Did The Alabama Crimson Tide Use A Banned Substance Before The 2012 BCS National Championship Game?
The Alabama Crimson Tide won their second straight BCS National Championship (and third in four years) with a dominant performance over the Notre Dame Fighting Irish. The win catapulted Alabama into the realm of some of the great college football dynasties throughout history. But there may be a cloud coming over their celebration in Tuscaloosa as reports have surfaced that claim member of the Crimson Tide team that won the 2012 BCS National Championship may have been using banned substances.
According to a report published by Sports Illustrated, a company may have provided Baltimore Ravens‘ linebacker Ray Lewis with an extract called IGF-1, which is a banned substance, to recover from his triceps injury in October. The feature goes on to detail how the company, S.W.A.T.S. (also known as “Sports with Alternatives to Steroids”) made a pitch to a group of Alabama players right before the 2012 title game against the LSU Tigers, specifically mentioning defensive end Quinton Dial and linebacker Alex Watkins.
The SI feature details how S.W.A.T.S. rep Christopher Key pitched the IGF-1, which he explained worked similar to HGH. The substance acts as a “natural, anabolic hormone that stimulates muscle growth.” The substance is derived from deer antlers and is delivered in the form of a spray that is used under the tongue. Reportedly, several Alabama players listened to this pitch on the eve of facing LSU and then went out and dominated the Tigers 21-0. Watkins would give a video testimonial six months later talking up the products and their help in winning the title game.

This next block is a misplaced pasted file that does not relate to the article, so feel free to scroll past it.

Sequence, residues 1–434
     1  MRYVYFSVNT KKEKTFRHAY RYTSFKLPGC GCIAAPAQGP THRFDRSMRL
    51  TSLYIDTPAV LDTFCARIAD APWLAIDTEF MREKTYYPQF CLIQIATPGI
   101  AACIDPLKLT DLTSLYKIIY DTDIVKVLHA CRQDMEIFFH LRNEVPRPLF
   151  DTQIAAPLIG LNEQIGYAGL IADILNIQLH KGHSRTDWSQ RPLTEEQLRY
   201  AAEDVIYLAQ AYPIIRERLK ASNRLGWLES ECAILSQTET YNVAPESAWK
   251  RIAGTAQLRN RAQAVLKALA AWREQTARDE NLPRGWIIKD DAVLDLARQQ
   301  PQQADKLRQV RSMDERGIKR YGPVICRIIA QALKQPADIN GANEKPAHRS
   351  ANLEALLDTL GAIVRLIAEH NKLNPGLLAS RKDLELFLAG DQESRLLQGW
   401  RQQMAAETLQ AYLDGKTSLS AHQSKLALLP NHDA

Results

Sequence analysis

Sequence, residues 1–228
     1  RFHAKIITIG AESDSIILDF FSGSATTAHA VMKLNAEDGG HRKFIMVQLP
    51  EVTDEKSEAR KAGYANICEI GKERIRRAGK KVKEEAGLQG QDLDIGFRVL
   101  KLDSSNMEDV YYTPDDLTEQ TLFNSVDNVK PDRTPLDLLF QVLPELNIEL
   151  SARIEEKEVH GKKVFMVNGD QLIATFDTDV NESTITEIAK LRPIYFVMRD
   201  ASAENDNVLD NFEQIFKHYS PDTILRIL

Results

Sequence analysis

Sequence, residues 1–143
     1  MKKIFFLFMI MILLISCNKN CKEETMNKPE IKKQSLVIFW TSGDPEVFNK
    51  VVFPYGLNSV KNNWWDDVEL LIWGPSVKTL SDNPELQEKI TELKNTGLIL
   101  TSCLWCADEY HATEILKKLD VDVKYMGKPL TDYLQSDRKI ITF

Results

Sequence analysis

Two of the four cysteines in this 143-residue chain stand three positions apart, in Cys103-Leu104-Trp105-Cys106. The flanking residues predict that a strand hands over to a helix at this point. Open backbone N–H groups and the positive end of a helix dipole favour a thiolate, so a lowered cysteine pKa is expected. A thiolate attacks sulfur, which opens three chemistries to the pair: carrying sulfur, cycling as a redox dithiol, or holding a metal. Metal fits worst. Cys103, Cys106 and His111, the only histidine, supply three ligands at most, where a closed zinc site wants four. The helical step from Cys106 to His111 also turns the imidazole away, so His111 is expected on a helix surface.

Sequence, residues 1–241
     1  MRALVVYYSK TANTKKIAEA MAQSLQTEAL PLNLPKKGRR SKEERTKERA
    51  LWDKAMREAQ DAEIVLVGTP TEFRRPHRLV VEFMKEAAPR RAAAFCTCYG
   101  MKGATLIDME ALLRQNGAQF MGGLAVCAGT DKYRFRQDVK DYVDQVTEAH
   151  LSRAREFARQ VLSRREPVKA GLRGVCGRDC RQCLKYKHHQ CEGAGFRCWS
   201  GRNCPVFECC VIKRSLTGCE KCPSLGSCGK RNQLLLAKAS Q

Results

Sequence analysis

S.W.A.T.S. is a two-man company run out of the back of a gym in Birmingham, Alabama. Neither Key, nor owner Mitch Ross, an admitted former steroid dealer and male stripper, have backgrounds in science but have run into trouble for their practices before.
Key was arrested for trespassing after giving products to an LSU player in his hotel room at the 2010 Senior Bowl. Those charges were later dropped, but Key is still banned from that hotel. Key then gave some products to LSU players prior to the Tigers 9-6 win earlier in the season, which is how he was able to swing a meeting with Tide players before the championship game.
SI obtained video of this meeting from Key who recorded the entire thing with a pen camera. While there is no proof that anyone took the IGF-1 before the game and there is no test for the substance (especially not two years after the fact), what is there to be done?
Alabama officials were unaware about this meeting until now, but they will be forced to take action before the NCAA feels the need to get involved. Will the Tide be stripped of their 2012 BCS National Title a la the USC Trojans in 2006? Will Alabama face sanctions via loss of scholarships? How will this affect the legacy of Nick Saban and the Crimson Tide dynasty?
However it plays out, it’s a black eye for college football’s most powerful program and casts a shadow over their accomplishments.